There is an Egyptian businessman who debates an Iraqi translator about the US intentions. He comes at it with a world view and she just sees greedy motivation.
The only thing wrong in my opinion is the emphasis on "Depleted Uranium" munitions. These have been extensively studied and are not any worse than any of the other stuff on the battlefield. The lead from regular ammunition is also poisonous and the radiation from the depleted uranium is only seventy percent of the naturally occurring uranium found in the earth's crust. (Anyone interested is referred to the Federation of American Scientists web page.) The constant cigarette smoking is much more of a threat. At one point the radiation meter is clicking loudly but only reads 2 mR/hr. It would take 150 hours of direct contact with the metal to get the same exposure as one mammogram. These mammograms are recommended yearly for all women over fifty. There is probably much more of a radiation hazard from Saddam's old production sites.
A very enjoyable movie with excellent sound and video editing to make it move nicely.
*** This review may contain spoilers ***
This Docu def held my attention i saw it last night with my 12 year old brother and he asked why are people so angry in Iraq but the truth is they have every right to be the globalization ( as the tank commander) describes it was the main reason why the united states entered Iraq because it was one of the main countries leaning towards "western civilization" and by converting Iraq into a "democracy" country the united states would hope other 3rd world countries will follow. i do believe Oil plays a major part in this "war" but not an essential role as to why we have so many troops maintain order.Iraqi officials are non cooperative in identifying terrorist cells because they maintain the balance in between invading cultures/countries or even individuals. as if there terrorist played the role of an authoritative official. there own Police. all in all a great film with many different perspectives.!!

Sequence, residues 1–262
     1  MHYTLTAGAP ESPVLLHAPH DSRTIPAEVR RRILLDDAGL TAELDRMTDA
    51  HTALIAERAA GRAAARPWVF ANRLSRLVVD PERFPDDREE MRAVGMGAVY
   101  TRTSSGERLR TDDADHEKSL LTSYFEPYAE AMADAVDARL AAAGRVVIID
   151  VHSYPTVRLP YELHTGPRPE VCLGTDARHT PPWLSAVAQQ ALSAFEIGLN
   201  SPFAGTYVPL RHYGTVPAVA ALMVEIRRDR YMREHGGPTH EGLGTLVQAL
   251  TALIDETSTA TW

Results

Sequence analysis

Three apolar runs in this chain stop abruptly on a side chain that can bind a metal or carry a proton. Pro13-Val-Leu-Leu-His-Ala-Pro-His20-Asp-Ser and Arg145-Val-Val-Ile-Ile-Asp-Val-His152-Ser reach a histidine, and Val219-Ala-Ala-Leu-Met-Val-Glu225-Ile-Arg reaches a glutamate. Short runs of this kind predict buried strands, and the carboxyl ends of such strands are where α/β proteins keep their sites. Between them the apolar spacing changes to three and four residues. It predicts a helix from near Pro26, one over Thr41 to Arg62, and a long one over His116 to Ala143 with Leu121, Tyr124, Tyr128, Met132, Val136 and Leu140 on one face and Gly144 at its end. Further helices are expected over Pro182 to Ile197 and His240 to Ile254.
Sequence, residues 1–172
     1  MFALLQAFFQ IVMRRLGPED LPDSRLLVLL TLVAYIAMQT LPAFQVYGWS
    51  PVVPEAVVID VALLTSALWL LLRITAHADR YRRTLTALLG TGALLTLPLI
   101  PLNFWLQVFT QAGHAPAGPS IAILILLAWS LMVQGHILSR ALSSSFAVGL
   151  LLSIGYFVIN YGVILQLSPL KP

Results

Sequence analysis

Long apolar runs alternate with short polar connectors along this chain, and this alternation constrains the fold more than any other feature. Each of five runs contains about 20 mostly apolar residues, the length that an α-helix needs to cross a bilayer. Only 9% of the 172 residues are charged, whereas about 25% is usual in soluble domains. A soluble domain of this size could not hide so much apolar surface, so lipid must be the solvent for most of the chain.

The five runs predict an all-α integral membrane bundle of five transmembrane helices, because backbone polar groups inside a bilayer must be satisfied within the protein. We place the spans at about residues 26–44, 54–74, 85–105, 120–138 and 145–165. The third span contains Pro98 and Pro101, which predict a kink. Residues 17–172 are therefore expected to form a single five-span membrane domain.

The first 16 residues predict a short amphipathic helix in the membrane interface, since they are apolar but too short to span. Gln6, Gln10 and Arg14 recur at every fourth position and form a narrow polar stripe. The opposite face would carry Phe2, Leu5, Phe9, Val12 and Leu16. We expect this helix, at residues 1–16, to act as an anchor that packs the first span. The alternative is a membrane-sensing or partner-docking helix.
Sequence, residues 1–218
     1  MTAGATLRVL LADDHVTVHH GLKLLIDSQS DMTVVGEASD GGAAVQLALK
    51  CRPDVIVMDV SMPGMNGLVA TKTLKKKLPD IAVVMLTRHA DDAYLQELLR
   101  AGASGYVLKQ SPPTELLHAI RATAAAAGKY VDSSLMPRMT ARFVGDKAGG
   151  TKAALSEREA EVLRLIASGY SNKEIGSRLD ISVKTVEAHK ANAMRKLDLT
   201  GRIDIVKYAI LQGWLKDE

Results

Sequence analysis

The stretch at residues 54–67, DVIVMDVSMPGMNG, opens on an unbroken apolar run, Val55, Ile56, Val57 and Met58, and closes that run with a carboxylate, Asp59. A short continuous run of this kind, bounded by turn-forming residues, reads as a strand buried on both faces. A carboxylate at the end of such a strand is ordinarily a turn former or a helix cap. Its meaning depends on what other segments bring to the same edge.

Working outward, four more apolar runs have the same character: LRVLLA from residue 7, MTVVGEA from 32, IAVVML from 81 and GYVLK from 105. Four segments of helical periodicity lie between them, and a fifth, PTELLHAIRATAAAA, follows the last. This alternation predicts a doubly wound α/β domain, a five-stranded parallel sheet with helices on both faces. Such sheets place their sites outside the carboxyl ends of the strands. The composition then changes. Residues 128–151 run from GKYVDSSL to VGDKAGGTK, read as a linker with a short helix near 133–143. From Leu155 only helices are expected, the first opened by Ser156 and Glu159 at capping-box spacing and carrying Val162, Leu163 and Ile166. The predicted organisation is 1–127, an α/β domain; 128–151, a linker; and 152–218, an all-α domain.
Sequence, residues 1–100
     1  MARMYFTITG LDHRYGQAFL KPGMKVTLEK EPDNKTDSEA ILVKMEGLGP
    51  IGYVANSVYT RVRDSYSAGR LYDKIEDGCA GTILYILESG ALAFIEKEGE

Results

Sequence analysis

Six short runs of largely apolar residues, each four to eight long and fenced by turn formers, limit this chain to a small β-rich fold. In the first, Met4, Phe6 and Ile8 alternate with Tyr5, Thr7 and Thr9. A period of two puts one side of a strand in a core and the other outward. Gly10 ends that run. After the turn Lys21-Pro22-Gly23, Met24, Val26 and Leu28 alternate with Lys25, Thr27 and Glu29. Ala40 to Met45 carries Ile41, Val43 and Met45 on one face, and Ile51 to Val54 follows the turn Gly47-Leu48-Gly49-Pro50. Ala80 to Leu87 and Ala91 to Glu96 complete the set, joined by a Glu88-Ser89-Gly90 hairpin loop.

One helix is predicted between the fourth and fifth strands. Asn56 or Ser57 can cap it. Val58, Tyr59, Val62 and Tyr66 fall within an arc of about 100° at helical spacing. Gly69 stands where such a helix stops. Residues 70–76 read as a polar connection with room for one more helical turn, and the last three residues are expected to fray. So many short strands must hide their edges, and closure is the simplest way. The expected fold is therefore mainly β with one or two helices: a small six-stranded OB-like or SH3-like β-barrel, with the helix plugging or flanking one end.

*** This review may contain spoilers ***
I was hoping to see some fairness in this film. By fairness, I mean
that the film would offer at least some representation of the entire
circumstance of the war in Iraq. However, this film depicted an
entirely negative view and joins the majority of mass media in an
agenda of political commentary (with some nice digs at globalization
just in case their audience forgot that globalization - read: the USA -
kills trees and hurts kittens). This commentary must, by definition, be
anti-American regardless of circumstance and in that it loses it's
credibility. The producers used the crowds to pursue that agenda. These
crowds of people would act however they were supposed to act in front
of any camera depending on what expectations were set; I say this with
all due respect for a people whose country is being occupied by a
The purpose of this war may be lost to all but history but this movie is simply too awash in blue paint to be taken seriously by any other than the politically aligned.
Nice timing on the Roman Empire connection!